When I want to portray a particular character or location, I do google search for images that fit what I want to portray. Then I print it out and put it in the journal. When I write anything to do with the character or location I look at the pictures to generate a mental image of how I will describe the scene.
What does your family think of your work?
I guess this is always an interesting question with varied responses. But, my family have always seen me as an analytical and detailed oriented person focusing on facts. They’ve seen my non-fiction writing published in international magazines, journals, and conference proceedings. But, when I made it known that I was going to write a fiction novel, the response was, “oh yeah, yeah.” They just couldn’t picture me as a fiction writer. Then, when I finished the first manuscript of 400+ pages (120,000+ words), they began to take me a bit more serious. Then, when the first book was published and catalogued through Lulu, Amazon, Barnes & Noble, Kobo, Books-A-Million, etc., they were like “Wow! Holy Crap, he did it!” Now, they are all offering ideas for the next novel, or bugging me about what/when I’m going to write about next.
Do you belong to any writing groups? And if so what do you think are the pros and cons?
I tried getting involved with writing groups, but for me personally, I didn’t gain much from the experience. I have a close friend who is a writer and he feels that his involvement in a writing group has helped him.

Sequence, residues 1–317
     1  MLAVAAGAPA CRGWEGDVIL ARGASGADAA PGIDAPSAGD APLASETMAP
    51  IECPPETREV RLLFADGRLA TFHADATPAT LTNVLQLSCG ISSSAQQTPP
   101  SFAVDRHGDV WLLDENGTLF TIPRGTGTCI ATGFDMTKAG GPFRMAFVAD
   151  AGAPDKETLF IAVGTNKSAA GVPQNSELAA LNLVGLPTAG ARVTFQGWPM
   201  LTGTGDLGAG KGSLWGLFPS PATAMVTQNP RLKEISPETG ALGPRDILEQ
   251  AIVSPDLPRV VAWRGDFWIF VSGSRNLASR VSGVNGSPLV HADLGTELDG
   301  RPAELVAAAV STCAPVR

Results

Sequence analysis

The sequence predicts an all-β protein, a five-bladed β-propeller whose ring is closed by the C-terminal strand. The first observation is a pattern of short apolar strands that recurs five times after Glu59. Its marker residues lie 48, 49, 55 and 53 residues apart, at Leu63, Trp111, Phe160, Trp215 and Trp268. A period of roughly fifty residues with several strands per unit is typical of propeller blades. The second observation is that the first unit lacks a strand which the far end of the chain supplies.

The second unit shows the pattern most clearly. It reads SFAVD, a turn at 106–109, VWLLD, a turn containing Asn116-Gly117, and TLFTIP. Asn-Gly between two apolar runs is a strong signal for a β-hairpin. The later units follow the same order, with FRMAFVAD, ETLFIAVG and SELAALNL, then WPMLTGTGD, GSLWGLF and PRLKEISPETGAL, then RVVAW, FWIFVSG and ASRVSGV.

In my humble opinion, I feel it is vitally important that the would-be writer have realistic expectations of what it is they hope to gain from a writing group. Most people are overly protective of their writing, and sensitive to criticism from others regarding their writing. Although they would profess that they want to improve their writing, or gain honest reviews of some manuscript they have written. In reality, most want affirmation that what they have written is good or some level of recognition (even if it is false or misguided).
Fundamentally, writing groups should be oriented around honest, constructive criticism of one another’s work. The whole idea is to improve your craft and strengthen your writing to appeal to those who you hope will buy it and read it.
Therefore, I think it boils down to two things; first, formulating realistic expectations of what you hope to gain from being involved with a writing group, and secondly, finding a group that you feel comfortable baring your soul to. I just haven’t found that group yet.
How do you deal with writer’s block?